Men as victims of (sexual) harassment in the workplace.

#11
(Sep 6, 2016 08:25 PM)Secular Sanity Wrote: I was wondering how people felt about this situation.  I know of a boy that was 14, who had sex with a woman that was 20.  Here in California the age of consent is 18.  She had a child with him and he was ordered to pay child support.  Do you think it’s fair to force a statutory rape victim to pay child support?

That does seem very unusual. 
It would be interesting to read that transcript.
Which of the two initiated the sex?  Dodgy
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#12
(Sep 6, 2016 09:00 PM)scheherazade Wrote: That does seem very unusual. 
It would be interesting to read that transcript.
Which of the two initiated the sex?  Dodgy

I’m not sure.  I do know that she provided him with alcohol.  In this case, he petitioned for custody when he turned 18 and won.  He’s a great dad.  He’s 21 now.  It’s not really unheard of, though.  It happens quite a bit.  This case below established a precedent.

"It is one of the earlier cases now cited in U.S. child support guidelines which say that in every case that has addressed the issue the court has decided that an underage boy is liable for the support of his child even when the conception was the result of statutory rape by the mother.

The court stated that the state's interest in ensuring that a minor receives child support outweighed its interest in potentially deterring sexual crimes against minors."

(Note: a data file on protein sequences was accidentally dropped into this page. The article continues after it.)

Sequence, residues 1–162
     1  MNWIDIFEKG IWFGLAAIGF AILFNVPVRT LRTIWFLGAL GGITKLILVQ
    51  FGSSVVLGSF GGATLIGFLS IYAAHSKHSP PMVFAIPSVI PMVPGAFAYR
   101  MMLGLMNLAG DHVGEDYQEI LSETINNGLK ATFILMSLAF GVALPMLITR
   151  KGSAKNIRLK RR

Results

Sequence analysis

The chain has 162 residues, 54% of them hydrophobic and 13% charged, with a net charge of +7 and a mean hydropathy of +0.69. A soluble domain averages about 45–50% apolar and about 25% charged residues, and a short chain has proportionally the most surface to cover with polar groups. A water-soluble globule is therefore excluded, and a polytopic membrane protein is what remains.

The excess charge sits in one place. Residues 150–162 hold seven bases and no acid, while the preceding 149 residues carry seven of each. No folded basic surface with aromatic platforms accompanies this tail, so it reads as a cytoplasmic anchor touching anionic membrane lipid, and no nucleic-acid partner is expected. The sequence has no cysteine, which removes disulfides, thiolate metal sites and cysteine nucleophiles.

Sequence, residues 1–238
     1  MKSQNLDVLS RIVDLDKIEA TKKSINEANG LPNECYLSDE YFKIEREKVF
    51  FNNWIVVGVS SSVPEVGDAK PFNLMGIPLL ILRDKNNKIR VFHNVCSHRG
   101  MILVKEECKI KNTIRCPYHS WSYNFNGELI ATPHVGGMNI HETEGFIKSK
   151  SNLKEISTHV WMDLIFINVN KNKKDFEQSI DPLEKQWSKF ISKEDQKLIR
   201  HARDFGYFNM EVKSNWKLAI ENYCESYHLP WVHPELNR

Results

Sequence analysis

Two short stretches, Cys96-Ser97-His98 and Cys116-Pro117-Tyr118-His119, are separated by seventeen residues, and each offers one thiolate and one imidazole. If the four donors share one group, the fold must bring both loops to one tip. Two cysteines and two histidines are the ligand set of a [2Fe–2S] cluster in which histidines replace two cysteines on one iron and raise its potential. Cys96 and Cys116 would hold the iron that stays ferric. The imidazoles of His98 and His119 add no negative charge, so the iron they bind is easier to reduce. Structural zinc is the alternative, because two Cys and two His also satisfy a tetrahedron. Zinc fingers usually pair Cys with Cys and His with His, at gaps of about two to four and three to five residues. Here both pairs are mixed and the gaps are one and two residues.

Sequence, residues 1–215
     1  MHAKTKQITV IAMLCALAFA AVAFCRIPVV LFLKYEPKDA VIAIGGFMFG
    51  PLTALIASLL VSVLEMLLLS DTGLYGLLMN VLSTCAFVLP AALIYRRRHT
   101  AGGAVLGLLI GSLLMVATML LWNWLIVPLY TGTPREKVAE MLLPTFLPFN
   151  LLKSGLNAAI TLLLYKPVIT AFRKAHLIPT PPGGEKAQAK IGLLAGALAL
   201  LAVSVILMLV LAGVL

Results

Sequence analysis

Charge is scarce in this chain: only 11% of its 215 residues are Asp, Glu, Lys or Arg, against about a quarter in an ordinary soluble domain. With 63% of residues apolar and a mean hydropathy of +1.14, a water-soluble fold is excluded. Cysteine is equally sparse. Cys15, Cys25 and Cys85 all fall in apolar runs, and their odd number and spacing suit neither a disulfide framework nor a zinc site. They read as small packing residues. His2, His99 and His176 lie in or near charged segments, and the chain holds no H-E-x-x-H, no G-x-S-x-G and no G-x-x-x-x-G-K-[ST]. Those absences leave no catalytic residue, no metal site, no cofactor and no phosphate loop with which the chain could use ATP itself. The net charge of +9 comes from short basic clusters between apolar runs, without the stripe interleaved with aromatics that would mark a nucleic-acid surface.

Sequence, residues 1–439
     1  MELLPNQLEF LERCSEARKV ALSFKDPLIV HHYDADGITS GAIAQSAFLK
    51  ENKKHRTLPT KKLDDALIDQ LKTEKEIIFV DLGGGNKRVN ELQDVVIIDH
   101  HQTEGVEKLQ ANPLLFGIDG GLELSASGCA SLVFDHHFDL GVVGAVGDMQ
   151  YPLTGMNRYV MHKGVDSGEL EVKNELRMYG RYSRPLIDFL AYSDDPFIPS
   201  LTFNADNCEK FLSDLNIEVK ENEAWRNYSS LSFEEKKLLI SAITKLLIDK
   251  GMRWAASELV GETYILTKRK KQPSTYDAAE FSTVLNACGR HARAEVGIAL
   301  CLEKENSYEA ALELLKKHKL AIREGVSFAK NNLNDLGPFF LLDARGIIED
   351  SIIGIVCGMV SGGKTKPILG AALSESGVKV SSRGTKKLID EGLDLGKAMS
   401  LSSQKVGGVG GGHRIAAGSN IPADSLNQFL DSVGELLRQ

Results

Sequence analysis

They determined that the rape was irrelevant and that the child support was not owed to the rapist but rather to the child.

https://en.wikipedia.org/wiki/Hermesmann_v._Seyer
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#13
Thank you for the link.

So it started out as a relationship between a minor and a juvenile looking after him.

Quote:Hermesmann was a babysitter for Shane Seyer during 1987 and 1988. When 16 she had begun a sexual relationship with Seyer when he was 12 years old.[2] When she was 17 and he was 13, she became pregnant and their daughter was born in 1989.[3] Criminal charges had been brought against Hermesmann accusing her of "engaging in the act of sexual intercourse with a child under sixteen" whilst she herself was a juvenile. In the event she stipulated as a juvenile offender to "contributing to a child's misconduct" which is not a sexual offense.[


That does make matters a trite more murky.